General contractors, interior designers and architects may be the first people you call when you have a home-improvement project in the works. But, when money’s tight, renovating your kitchen or adding that extra bedroom to your house are also likely the first expenses to get the axe.
Local home improvement professionals and business owners report drastically reduced revenues and a drop-off in business, thanks to a tough economic climate that has hit the housing industry particularly hard.
“It’s been horrible. Among my colleagues in design and contractors that have been in business over 20 years, more than 50 percent are out of business,” said Susan Davis, owner of Spectrum Fine Homes, a design, build and renovation firm based in Mountain View. “Our revenue has been cut in half. We’ve tried restructuring and doing everything short of laying people off.”
In a study conducted by the Home Improvement Research Institute, consumer spending on home improvement fell 0.6 percent and product sales fell 8.3 percent in 2009. Though the study predicts an approximately 2 percent rise in spending in the next year, revenues aren’t expected to reach 2008 levels until 2012.
Davis and others in the general contracting and design business attribute the decline in revenue to a variety of sources. Chris Donatelli, a general contractor based in San Jose, said he believes people are hesitant to take risks and borrow money in order to complete a larger project.
“There’s a fear of, ‘Am I going to have another job?’ People are less willing to take risks,” Donatelli said. “They’re using their own money. Our job scope used to be $250,000, now it’s $50,000.”
Donatelli said his work has been dominated by smaller maintenance jobs such as fixing screens, doors and windows and cleaning gutters and filters. He’s added a handyman service to his business to accommodate smaller requests from past clients, but has noticed reluctance by homeowners to even complete these projects, which will eventually cost them more money.
“People are deferring maintenance on their homes, which may eventually catch up with them,” he said. “They should have taken care of these things before, and now it is more expensive.”
Davis said that clients are opting for less expensive materials and choosing contractors and builders who charge less, which could result in jobs not done correctly.
“We’ve had to undo work because people didn’t know what they were doing and were using cheap supplies. They’re looking for the cheapest price rather than service or quality,” she said. “You get what you pay for.”
Pamela Pennington, founder and CEO of Pamela Pennington Studios, a full-service design practice in Palo Alto, said she didn’t begin to feel the effects of the troubled economy until early this year, when long-term projects began wrapping up and new jobs did not come in.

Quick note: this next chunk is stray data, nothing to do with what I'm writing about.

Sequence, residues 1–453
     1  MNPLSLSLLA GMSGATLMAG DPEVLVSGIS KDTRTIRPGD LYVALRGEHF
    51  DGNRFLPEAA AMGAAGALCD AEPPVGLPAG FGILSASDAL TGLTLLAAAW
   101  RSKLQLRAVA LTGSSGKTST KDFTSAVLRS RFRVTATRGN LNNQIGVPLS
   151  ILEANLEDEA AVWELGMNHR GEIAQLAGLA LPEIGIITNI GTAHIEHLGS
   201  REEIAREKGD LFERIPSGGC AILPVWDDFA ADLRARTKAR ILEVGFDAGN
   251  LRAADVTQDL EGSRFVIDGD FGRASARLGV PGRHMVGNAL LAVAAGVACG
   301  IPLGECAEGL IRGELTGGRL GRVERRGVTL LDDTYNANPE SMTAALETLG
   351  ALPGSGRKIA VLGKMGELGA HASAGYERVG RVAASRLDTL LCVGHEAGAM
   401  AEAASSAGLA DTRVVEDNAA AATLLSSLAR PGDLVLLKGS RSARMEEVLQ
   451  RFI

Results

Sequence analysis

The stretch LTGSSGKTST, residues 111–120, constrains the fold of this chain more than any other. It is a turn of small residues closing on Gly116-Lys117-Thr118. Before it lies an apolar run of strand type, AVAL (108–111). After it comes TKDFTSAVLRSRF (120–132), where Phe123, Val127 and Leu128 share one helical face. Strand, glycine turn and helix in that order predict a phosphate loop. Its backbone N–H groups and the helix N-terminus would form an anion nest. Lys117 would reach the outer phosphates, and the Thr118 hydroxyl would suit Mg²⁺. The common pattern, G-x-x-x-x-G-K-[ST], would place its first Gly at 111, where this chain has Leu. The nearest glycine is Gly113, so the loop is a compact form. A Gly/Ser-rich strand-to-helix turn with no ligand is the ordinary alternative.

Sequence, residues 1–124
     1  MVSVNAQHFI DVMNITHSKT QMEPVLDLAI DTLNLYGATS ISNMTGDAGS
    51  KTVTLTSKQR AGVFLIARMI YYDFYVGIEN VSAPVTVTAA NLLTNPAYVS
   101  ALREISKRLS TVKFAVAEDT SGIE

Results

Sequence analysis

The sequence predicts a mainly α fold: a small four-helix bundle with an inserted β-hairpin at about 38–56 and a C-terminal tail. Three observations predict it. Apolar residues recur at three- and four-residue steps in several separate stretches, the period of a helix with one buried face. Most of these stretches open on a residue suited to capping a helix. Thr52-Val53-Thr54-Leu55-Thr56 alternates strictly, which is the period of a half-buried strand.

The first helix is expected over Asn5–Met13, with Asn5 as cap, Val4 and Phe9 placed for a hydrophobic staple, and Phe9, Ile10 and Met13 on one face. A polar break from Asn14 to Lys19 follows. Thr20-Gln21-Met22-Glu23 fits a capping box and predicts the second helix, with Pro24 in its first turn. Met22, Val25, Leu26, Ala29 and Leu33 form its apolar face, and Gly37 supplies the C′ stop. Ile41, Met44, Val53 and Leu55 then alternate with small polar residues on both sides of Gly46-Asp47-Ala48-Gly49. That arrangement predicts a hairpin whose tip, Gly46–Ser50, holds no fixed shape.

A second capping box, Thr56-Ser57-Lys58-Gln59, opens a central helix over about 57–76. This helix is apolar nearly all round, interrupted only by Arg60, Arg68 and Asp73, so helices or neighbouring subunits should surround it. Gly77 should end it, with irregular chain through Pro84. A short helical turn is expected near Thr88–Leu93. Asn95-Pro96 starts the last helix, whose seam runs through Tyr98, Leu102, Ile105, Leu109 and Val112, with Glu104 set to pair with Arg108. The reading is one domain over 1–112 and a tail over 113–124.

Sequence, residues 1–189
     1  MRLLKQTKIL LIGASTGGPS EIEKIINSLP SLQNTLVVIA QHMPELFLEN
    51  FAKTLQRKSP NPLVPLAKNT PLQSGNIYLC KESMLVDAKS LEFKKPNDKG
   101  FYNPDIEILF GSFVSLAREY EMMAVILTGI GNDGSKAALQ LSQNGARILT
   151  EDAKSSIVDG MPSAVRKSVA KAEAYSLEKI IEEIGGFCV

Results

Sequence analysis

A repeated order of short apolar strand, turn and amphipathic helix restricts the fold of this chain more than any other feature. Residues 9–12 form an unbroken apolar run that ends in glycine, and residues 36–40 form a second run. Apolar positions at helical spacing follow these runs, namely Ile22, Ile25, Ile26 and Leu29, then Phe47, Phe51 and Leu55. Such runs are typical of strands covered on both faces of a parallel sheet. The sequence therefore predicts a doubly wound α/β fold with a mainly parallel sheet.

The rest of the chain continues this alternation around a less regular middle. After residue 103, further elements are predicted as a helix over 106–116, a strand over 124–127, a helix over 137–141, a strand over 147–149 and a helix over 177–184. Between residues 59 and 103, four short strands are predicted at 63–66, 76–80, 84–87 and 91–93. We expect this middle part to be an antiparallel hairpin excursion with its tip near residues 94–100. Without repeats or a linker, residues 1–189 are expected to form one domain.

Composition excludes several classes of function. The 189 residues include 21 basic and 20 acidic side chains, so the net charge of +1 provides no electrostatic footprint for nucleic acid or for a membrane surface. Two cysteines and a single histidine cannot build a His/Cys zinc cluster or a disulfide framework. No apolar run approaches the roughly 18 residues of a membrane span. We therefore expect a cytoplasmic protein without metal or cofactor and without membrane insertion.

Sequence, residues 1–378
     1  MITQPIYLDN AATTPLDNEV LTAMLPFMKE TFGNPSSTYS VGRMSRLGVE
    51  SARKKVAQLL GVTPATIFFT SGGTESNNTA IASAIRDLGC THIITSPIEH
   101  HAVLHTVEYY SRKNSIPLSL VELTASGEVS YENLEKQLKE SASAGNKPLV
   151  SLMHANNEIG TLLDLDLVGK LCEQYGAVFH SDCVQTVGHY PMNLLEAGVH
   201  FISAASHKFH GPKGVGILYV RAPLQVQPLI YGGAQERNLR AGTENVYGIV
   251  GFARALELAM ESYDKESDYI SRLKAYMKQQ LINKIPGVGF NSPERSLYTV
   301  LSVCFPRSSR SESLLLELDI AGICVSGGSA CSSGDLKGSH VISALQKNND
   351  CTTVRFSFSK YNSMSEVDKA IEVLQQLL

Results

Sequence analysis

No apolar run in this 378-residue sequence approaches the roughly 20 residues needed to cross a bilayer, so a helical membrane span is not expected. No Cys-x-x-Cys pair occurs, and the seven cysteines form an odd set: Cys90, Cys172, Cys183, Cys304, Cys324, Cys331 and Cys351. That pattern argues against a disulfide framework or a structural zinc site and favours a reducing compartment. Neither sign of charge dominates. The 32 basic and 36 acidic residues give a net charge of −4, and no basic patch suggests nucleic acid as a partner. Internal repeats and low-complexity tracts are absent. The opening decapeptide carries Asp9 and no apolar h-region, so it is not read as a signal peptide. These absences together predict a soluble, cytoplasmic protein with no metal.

“On the first of the year, it just dropped off the cliff. New jobs weren’t coming in, (potential clients) were saying ‘We’re not going to go forward,’ work that we thought we would have didn’t materialize,” Pennington said.
Pennington said that wealthier clients with money to spend are still going forward with projects, but cautiously.
“People are picking and choosing. They still want quality, but they’re doing less,” she said. “If they would normally have done three baths, now they’ll only do one. They’ll wait on accessorizing and furnishings. They’re willing to not complete it until they can catch up.”
Designers and contractors have had to make several changes in their business practices to stay afloat and address the needs of more cost-conscious clients.
“Our advertising and marketing is zero. We had 3,500 square feet and now we’re down to 1,000 square feet,” Davis said.
Others report negotiating their rent, reducing staff to part-time and trimming overhead costs.
But homeowners willing to go ahead with remodel and renovation projects might find themselves rewarded. Lower demand for products and services has resulted in bargains on furnishings, and designers have worked hard to present the most cost-effective plans to potential clients.
“We’re careful about our expenditures and are trying to be more conservative. We’ve tried to be more efficient,” Pennington said. “We try to do a lot for what the proposals are, and accommodate people’s budgets and say, ‘Here are areas you can help or do it yourself.'”
Jeanese Rowell, owner of Jeanese Rowell Design Inc. in Palo Alto, said that designers now are committed to finding the best deals for their clients, and that competition among them is fierce.
“It’s very competitive if you’re going to bid on a job. (Designers) are putting more effort into everything,” Rowell said. “You have to know the best way possible (to be) affordable.”
Rowell said she is inspired by the ways in which the industry has come together to survive.
“I go to the World Trade Market twice a year, and people there have really rallied behind the times,” she said. “It’s very inspiring.”
Davis and Pennington said the green building movement has also enjoyed success in the past few years as some homeowners attempt to save money by making their homes more energy-efficient.
Though many in the home-improvement industry are not confident that their business will ever fully recover, some report signs of improvement. Bob Peterson, principal architect of Peterson Architects Inc. in Palo Alto, said that while work has been down 50 to 75 percent, he is seeing tentative, though not reliable, progress.
“We are seeing it looking up. The number of inquiries in the last six months is up but it’s been very mixed,” he said.
Pennington said her business is “coasting” for now, but isn’t sure what lies ahead for the industry.
“If companies failed, they failed early. What’s left can stay the course,” she said. “We’ll be ready when things pick up, and we’ll see what happens on the first of the year.”